She'll be in my class someday...
While driving home from gettin my hair cut, I stopped to put gas in my car. As I waited to turn on to the main road, I observed a young girl in the backseat of a car point to balloons that flew above a sign advertising an open house down the street. The car was stopped at a red light.
The driver, the mother I assume, openned her door, hopped out, grabbed the balloons, and hopped back in just in time to catch the light as it turned green.
With the WASL (our state mandated test) starting on Monday, I thought about the lessons we learn that will never be found on a test. That child learned many lessons today. Stealing is okay as a long as nobody gets hurt. If YOU really want something, someone will give it to you. Her mother will do whatever she is asked. And, everything in life is easy.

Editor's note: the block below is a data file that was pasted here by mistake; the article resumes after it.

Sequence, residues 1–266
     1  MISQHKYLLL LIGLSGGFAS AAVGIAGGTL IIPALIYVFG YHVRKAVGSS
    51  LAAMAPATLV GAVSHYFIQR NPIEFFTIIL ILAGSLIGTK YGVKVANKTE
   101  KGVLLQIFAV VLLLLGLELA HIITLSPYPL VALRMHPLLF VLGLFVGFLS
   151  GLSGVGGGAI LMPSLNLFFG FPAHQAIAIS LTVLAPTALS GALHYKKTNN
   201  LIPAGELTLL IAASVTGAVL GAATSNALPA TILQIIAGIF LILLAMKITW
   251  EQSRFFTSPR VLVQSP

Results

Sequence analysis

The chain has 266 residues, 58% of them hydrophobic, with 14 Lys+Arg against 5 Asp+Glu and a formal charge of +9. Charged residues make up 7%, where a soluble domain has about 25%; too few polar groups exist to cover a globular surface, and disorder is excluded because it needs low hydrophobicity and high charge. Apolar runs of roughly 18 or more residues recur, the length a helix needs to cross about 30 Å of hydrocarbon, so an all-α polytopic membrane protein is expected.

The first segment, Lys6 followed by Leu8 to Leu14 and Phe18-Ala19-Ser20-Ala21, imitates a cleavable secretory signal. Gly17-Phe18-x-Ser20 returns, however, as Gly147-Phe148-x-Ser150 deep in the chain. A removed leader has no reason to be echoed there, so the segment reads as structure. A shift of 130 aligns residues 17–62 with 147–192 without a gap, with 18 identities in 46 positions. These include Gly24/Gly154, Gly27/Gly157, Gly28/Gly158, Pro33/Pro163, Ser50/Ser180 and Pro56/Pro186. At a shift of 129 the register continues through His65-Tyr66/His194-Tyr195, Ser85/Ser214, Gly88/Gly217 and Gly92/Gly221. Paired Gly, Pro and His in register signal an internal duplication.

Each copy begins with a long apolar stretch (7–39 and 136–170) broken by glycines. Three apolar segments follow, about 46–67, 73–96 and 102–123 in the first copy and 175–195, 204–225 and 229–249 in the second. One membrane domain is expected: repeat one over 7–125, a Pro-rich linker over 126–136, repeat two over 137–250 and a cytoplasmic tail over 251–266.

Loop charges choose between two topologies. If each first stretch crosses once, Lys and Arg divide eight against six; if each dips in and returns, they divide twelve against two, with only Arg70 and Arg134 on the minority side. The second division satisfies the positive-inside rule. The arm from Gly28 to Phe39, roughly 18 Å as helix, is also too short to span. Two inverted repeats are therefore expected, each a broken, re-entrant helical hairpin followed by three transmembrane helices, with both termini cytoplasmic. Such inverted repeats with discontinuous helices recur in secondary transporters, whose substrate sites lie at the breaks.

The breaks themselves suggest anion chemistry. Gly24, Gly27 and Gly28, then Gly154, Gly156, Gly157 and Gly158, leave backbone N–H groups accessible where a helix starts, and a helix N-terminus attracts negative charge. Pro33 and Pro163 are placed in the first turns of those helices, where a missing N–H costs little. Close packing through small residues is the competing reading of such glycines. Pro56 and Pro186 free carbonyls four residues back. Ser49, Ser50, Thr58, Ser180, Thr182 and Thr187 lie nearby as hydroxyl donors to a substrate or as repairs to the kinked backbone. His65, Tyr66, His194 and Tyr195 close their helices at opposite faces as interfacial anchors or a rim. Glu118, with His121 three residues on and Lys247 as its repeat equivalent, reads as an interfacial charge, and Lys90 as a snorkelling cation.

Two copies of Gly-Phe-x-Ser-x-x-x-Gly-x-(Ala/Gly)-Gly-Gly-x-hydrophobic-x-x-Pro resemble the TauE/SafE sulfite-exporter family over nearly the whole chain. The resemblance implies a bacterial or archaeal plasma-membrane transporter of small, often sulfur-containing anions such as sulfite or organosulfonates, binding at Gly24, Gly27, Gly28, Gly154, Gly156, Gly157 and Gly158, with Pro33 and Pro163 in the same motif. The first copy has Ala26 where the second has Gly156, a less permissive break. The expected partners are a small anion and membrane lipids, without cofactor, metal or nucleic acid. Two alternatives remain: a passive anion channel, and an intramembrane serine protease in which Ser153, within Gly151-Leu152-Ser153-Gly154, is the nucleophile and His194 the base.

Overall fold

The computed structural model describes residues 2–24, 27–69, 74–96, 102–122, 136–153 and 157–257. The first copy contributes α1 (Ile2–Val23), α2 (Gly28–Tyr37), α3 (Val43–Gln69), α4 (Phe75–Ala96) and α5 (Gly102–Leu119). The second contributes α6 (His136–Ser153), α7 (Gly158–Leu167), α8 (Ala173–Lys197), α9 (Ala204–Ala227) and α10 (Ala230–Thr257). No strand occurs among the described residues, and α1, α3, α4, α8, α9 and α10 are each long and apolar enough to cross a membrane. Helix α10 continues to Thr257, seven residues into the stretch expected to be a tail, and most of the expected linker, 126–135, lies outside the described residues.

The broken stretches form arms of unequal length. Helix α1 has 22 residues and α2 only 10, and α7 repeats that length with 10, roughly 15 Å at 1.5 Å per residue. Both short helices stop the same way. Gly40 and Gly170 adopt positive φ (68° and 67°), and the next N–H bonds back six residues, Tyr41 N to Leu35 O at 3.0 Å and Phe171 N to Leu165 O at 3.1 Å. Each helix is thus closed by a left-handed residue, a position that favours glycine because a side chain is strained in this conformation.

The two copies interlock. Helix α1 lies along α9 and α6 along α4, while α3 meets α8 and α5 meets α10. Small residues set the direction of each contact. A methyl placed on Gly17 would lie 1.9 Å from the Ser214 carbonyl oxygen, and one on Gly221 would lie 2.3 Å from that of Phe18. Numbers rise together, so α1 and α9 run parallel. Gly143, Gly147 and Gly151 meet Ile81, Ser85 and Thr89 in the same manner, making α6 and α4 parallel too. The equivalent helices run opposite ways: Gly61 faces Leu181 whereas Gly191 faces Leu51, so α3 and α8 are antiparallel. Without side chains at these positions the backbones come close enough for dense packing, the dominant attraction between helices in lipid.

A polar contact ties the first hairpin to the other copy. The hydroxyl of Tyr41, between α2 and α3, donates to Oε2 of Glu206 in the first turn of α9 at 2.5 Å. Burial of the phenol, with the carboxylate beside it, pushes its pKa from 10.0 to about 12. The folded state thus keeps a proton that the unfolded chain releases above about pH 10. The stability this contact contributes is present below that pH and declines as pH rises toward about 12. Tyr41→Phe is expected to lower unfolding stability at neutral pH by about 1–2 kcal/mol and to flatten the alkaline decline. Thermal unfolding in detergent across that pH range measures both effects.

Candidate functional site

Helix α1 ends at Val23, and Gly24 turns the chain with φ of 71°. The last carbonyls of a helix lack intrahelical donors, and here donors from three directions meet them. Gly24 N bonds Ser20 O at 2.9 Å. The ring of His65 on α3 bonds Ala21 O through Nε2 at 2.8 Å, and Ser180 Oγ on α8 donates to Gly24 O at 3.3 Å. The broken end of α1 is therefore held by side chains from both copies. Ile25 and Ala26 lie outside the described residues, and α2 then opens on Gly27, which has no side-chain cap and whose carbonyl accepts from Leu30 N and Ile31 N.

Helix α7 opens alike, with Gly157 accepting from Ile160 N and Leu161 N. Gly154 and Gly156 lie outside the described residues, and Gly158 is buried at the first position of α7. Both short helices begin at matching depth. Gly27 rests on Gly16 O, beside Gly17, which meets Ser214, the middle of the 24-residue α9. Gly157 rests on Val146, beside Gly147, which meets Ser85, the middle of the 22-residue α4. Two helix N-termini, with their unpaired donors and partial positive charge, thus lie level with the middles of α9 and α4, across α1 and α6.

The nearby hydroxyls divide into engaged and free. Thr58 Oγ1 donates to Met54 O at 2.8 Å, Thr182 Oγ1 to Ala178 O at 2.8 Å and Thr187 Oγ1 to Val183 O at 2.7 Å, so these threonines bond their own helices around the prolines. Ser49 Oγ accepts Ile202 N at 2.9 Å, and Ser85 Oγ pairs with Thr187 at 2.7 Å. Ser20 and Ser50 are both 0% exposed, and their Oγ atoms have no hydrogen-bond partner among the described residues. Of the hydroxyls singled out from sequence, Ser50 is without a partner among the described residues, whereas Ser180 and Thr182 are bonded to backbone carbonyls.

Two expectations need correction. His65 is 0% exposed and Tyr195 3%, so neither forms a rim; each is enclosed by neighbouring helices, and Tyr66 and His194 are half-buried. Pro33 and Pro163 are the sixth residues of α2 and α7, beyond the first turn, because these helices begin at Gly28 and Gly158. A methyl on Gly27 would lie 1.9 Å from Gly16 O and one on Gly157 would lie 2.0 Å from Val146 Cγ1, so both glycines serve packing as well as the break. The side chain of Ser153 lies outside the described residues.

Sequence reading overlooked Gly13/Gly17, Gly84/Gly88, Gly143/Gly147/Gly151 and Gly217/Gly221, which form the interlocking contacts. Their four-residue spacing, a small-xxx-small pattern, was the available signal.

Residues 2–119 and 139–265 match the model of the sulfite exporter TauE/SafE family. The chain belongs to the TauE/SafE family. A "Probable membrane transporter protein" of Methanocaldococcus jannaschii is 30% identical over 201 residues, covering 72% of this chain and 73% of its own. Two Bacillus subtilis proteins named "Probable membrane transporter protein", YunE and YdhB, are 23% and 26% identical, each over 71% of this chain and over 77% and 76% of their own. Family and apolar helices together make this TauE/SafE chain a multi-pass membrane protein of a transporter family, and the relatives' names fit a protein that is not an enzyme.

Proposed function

These lessons will translate to her life in school. She will walk into my classroom as a ninth grader and, having forgotten her pencil, take one off my desk, forgetting to give it back at the end of class. She will forget to turn in a major assignment, and then five weeks later, at the end of the quarter, expect that I let her turn it in--for full credit. If I don't accept it, she will, on her lunch break the next period, use her cell-phone to call her mom, who will immediately call me demanding I treat her daughter with respect. And when I still don't budge, she will cry to her counselor that I am retaliating against her, treating her unfairly, and she feels intimidated in my class, therfore needing to switch to another teacher.
With such lessons available at home, or in public, what serious use is an exam to test the student's ability to think for themselves, analyze and solve problems, communicate in words their thoughts, or any other unecessary and stupid thing?